Yes. And so the very first professional talk I ever gave was at the supporting the emotional needs of the gifted conference. And this was in 2017 in Chicago. And so I get up early, I have my laptop all set up. I bring it down there.

Matt:
And the staff at the hotel had cleared all the AV out of the room. So there’s no HDMI cable, there’s no projector, there’s no microphone. I’ve got a laptop and 85 people in the room, and they’re trying to find someone who can fix the problem. But it’s a Sunday morning. There’s just not the support staff there.

Matt:
So somebody looked at me and said, well, do you want to cancel? And I had this moment where I said, no, this is a talk about improv. If I can’t lean into those skills, then who the heck am I, right? So I explained the situation. I was like, I’ve got my laptop up here.

Matt:
I can do most of this talk off the top of my head. I’m going to refer to my screen a few times. And I did the presentation, and we had them rolling in the aisles. A lot of laughs, a lot of good times. We got really high ratings.

Matt:
And I was so in the zone that I didn’t notice. About 20 minutes into the session, somebody from AV came into the room, pulled down the screen, hooked up my laptop, got it ready to project, and then they left the room. I was so in the zone, I didn’t even notice. It wasn’t towards the end of the session where I was ready to take questions, where I’m like, where did this screen come from? And everybody thought I was making a joke, but I literally hadn’t noticed.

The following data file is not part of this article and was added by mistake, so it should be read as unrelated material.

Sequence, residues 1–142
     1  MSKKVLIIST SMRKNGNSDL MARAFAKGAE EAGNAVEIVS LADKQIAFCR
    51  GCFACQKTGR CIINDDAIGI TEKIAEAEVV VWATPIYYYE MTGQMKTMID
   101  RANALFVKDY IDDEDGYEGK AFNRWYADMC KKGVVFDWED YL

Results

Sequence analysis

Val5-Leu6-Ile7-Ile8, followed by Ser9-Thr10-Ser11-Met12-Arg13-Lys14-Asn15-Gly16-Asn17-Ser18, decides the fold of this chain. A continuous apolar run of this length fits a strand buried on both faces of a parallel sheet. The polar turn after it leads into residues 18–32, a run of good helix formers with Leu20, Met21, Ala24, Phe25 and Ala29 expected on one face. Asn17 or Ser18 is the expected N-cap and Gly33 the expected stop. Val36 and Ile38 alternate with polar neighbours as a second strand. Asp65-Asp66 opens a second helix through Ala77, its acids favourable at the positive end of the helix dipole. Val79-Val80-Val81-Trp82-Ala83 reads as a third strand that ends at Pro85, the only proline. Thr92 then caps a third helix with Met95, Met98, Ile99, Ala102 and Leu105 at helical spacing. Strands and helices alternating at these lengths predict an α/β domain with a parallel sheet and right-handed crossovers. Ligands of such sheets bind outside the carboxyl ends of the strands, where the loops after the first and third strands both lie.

Matt:
So it’s this idea that like, if I had a rigid script in my head, I probably would have failed that particular event, but instead I was able to embrace the unpredictability of it, lean into that and also trust my own instincts and skills that got me there to carry me through, and it did it very successfully.

Rob:
Nice. Sounds like a pretty good one. A difficult time, you know, technical stuff can give us a hard time more often than we’d like. And that’s why either having the disposition and the ability to do the improv as you were just describing, or have a plan b, which is also. It’s also welcome in many cases, is very important.

Rob:
Especially when you have these live events or live things that happen. You know, you see all the things happening in live. So good one. Very, very interesting way. And I like especially the way it leans into you, those strengths and that message that you’re actually carrying through.

Rob:
So thank you for that story, Doctor Matt. And how about, you know, you’ve talked about how you use these strategies in therapy. You’ve leaned into your abilities and to that muscle that you’ve been building on improv. If we set out to solve a problem within your realm, of course, and you’re an expert on what your realm is, which you haven’t solved before, do you have a process, how do you decide which game are you going to use? Or how are you going to gamify it?

Rob:
Can you let us into your head in that sense to see how that works in your case?

Matt:
I love that question. And I practice a lot of metacommunication, right? I talk about talking. I talk about what I’m going to do, what I’m thinking about. When I’m in the therapy space.

Matt:
I want my clients to have an idea of what I’m considering because I think therapy is best when it’s collaborative. It isn’t like therapist is God. And you will listen to me because I don’t think that actually works, especially not for kids. And I tend to work with kids, but a lot of times they’ll bring up a situation, and they’ll say, like, for neurodivergent people, a common occurrence is small talk. I can’t do small talk, Doctor Matt.

Matt: